Following your procedure would most likely result in at least some members of the cooperative becoming wealthy themselves, which would be very much a problem from the perspective that you are advocating.

                What "records" in Acts? Do we have information about property values, sales, and various lease agreements? Do we have inventories of other property?
                We have records that show people were hosting meetings in their own homes, which would not have been possible if the homes had been sold and incorporated into the common fund. We have records of collections being taken to provide for famine relief, which would only be possible if people retained at least some of their possessions beyond what was immediately needed. We have the explicit statement that property and money remains the possession of the believer to do with as he sees fit. What we don't have is explicit records of monies being provided for the poor who were not Christians.
                Last edited by tabibito; 07-16-2023, 06:33 AM.
                1Cor 15:34 Come to your senses as you ought and stop sinning; for I say to your shame, there are some who know not God.
                .
                ⊛⊛⊛⊛⊛⊛⊛⊛⊛⊛⊛⊛⊛⊛⊛⊛⊛⊛⊛⊛⊛⊛
                Scripture before Tradition:
                but that won't prevent others from
                taking it upon themselves to deprive you
                of the right to call yourself Christian.

                ⊛⊛⊛⊛⊛⊛⊛⊛⊛⊛⊛⊛⊛⊛⊛⊛⊛⊛⊛⊛⊛

                Comment


                • Originally posted by tabibito View Post

                  With a base sum of ten million? Not an option.
                  Very much an option to establish a small project. Out of tiny acorns etc... How do you imagine the project at Rochdale in England started?

                  Originally posted by tabibito View Post
                  Following your procedure would most likely result in at least some members of the cooperative becoming wealthy themselves, which would be very much a problem from the perspective that you are advocating.
                  That is not how co-operatives work although some can be run for profit.

                  https://www.thebalancemoney.com/how-...-works-4800835

                  A cooperative (co-op) is a business or organization owned by and operated for the benefit of its members. Profits or earnings are distributed among its members. The co-op can be a for-profit business or a non-profit organization. The co-op runs similarly to a corporation, because members purchase shares and elect a board of directors and officers. It differs from a corporation because typically each member gets one vote. Members of a co-op can be individuals, families, businesses, farmers/ranchers, or manufacturers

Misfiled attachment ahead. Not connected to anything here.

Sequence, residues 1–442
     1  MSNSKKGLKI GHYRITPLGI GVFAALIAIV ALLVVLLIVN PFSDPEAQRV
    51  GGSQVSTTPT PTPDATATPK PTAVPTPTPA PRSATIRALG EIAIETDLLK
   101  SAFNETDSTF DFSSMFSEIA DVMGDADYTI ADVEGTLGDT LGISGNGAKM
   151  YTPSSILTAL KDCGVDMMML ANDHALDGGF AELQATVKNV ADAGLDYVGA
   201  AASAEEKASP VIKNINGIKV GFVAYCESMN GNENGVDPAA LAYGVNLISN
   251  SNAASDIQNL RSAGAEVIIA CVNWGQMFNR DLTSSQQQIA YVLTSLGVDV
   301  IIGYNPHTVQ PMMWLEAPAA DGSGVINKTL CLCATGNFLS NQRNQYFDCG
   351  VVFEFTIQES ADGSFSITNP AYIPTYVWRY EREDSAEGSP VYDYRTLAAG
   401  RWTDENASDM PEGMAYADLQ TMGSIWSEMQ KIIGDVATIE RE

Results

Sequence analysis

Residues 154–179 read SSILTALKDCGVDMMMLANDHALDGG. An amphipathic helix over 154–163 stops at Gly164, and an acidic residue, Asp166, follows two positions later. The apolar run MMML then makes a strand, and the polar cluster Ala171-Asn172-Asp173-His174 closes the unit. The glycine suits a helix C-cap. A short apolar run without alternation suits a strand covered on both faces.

Originally posted by tabibito View Post
                  We have records that show people were hosting meetings in their own homes, which would not have been possible if the homes had been sold and incorporated into the common fund.
                  What about this?

                  Now the whole group of those who believed were of one heart and soul, and no one claimed private ownership of any possessions, but everything they owned was held in common. 33 With great power the apostles gave their testimony to the resurrection of the Lord Jesus, and great grace was upon them all. 34 There was not a needy person among them, for as many as owned lands or houses sold them and brought the proceeds of what was sold. 35 They laid it at the apostles’ feet, and it was distributed to each as any had need.
                  My emphasis.
                  Last edited by Hypatia_Alexandria; 07-16-2023, 06:56 AM.
                  "It ain't necessarily so
                  The things that you're liable
                  To read in the Bible
                  It ain't necessarily so
                  ."

                  Sportin' Life
                  Porgy & Bess, DuBose Heyward, George & Ira Gershwin

                  Comment


                  • Originally posted by Hypatia_Alexandria View Post

                    Now the whole group of those who believed were of one heart and soul, and no one claimed private ownership of any possessions, but everything they owned was held in common. 33 With great power the apostles gave their testimony to the resurrection of the Lord Jesus, and great grace was upon them all. 34 There was not a needy person among them, for as many as owned lands or houses sold them and brought the proceeds of what was sold. 35 They laid it at the apostles’ feet, and it was distributed to each as any had need.
                    My emphasis.
                    First and foremost: in Koine Greek "holos" is often used in what for English would be a hyperbolic sense. Likewise, the pas/pasa/pan group, which can explicitly declare "without exception" as apas, apasa, apan. Problems arise because they can be used in contexts where they mean "without exception."

                    The entire group indicates the group in question, without reference to other groups.

                    The people referred to left themselves without housing? All of them?

                    This is one passage among a number that needs to be read with care.
                    1Cor 15:34 Come to your senses as you ought and stop sinning; for I say to your shame, there are some who know not God.
                    .
                    ⊛⊛⊛⊛⊛⊛⊛⊛⊛⊛⊛⊛⊛⊛⊛⊛⊛⊛⊛⊛⊛⊛
                    Scripture before Tradition:
                    but that won't prevent others from
                    taking it upon themselves to deprive you
                    of the right to call yourself Christian.

                    ⊛⊛⊛⊛⊛⊛⊛⊛⊛⊛⊛⊛⊛⊛⊛⊛⊛⊛⊛⊛⊛

                    Comment


                    • Originally posted by Hypatia_Alexandria View Post
                      Very much an option to establish a small project. Out of tiny acorns etc... How do you imagine the project at Rochdale in England started?
                      Sometimes it might be appropriate to help establish a co-operative, admittedly. I consider that it would be inefficient in most circumstances and for most industries.

                      Not to mention - funding a cooperative would leave a person without the resources to fund anything else.
                      Last edited by tabibito; 07-16-2023, 08:02 AM.
                      1Cor 15:34 Come to your senses as you ought and stop sinning; for I say to your shame, there are some who know not God.